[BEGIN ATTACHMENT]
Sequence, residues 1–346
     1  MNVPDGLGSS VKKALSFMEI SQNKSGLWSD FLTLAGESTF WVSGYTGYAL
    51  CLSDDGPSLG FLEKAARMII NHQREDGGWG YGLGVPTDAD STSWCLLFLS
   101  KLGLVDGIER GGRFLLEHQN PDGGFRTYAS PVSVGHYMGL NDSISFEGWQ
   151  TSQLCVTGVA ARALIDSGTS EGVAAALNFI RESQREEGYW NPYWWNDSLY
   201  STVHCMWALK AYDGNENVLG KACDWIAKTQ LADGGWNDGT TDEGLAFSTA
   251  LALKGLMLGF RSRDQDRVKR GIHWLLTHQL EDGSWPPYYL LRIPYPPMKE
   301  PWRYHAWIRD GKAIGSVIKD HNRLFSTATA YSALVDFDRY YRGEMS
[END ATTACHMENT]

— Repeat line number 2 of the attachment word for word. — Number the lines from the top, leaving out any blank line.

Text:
     1  MNVPDGLGSS VKKALSFMEI SQNKSGLWSD FLTLAGESTF WVSGYTGYAL